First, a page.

Published on Wednesday, 30 November -0001 00:00
What should a parent to do when their child uses bad language? Most children will experiment with using bad language. First of all, as a parent, try to determine the cause for the bad language.
The most important step for a parent to take is to stop using bad language. Children listen to parents and repeat, even if they don't do it in front of you. If a parent curses and the child hears it, don't be surprised if they repeat it in the future.
Be an example and if you do curse, apologize and quickly find a different word. If you are not the one using bad language, find out whom your child is picking up this language from and restrict access to those people.
Once a child uses a bad word and gets attention for it, it becomes clear how powerful it can be. Often, children don't understand the context in which they use the word. They know that "naughty words" have shock value and that is enough. Don't laugh and discourage friends and family from laughing when your child says a bad word, as children will interpret laughter as encouragement. Explain and discuss acceptable and unacceptable words and explain that the family does not believe in using bad language. By discussing the rules around language, you help your child to be accountable with their words.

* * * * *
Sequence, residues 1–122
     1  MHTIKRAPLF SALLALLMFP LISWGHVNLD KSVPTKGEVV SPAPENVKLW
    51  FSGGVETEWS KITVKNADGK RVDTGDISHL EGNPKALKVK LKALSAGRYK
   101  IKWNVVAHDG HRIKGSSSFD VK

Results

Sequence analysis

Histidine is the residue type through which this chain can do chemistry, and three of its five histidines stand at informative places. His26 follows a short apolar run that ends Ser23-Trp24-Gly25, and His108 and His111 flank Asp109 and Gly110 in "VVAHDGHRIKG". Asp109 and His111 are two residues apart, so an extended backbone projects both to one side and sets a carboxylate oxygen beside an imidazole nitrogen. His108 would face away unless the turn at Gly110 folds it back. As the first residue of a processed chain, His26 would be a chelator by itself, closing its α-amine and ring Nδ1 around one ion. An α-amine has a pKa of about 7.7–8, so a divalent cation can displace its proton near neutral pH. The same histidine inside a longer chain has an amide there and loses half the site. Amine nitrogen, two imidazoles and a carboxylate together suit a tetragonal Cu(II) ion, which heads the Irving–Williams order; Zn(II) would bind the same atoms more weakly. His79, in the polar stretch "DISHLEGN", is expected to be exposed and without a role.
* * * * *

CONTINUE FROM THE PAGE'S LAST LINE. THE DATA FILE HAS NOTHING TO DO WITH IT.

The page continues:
Older children between the ages of six and 10 may know the meaning of curse words and may use them deliberately to be mean, hurtful or to gain control. Kids will try to prove they are independent, and try to assert their control. Since you can't always control what comes out of their mouths, this is an area where they may rebel.
With older children, make an effort to find out what is bothering and help them to find other ways of releasing those angry feelings. It may be that a child is using bad language to fit in with the crowd.
Set calm limits and discuss the consequences and follow through next time it happens. Children learn language by listening and repeating, and they repeat not only the good, but the bad. Children need to learn that bad language is not acceptable and being a good example is the best way to start.
Kathleen Olson has spent her career focusing on parenting issues and believes that most issues we face in life go back to parenting. She is an Extension Educator in Family Relations for the University of Minnesota and has two children of her own.